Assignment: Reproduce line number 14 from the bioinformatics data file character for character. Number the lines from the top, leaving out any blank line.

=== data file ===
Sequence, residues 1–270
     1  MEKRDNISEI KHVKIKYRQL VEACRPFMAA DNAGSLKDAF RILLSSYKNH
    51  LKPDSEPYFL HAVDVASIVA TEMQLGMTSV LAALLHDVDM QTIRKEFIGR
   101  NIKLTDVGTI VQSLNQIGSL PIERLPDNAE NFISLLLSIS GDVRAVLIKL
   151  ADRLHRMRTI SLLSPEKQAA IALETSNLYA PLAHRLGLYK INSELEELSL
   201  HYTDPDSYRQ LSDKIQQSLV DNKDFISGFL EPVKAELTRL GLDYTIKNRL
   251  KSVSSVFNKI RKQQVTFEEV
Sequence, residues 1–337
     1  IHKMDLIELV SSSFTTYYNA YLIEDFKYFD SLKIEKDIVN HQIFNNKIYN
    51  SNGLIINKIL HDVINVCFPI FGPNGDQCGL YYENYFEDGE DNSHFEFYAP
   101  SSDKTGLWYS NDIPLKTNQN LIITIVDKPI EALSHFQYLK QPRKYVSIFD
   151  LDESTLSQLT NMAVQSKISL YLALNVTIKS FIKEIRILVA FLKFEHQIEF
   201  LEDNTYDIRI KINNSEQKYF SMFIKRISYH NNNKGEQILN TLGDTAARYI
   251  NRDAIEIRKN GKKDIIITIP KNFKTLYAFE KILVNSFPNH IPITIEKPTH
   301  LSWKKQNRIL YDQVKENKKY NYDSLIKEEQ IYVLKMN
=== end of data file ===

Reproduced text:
   251  NRDAIEIRKN GKKDIIITIP KNFKTLYAFE KILVNSFPNH IPITIEKPTH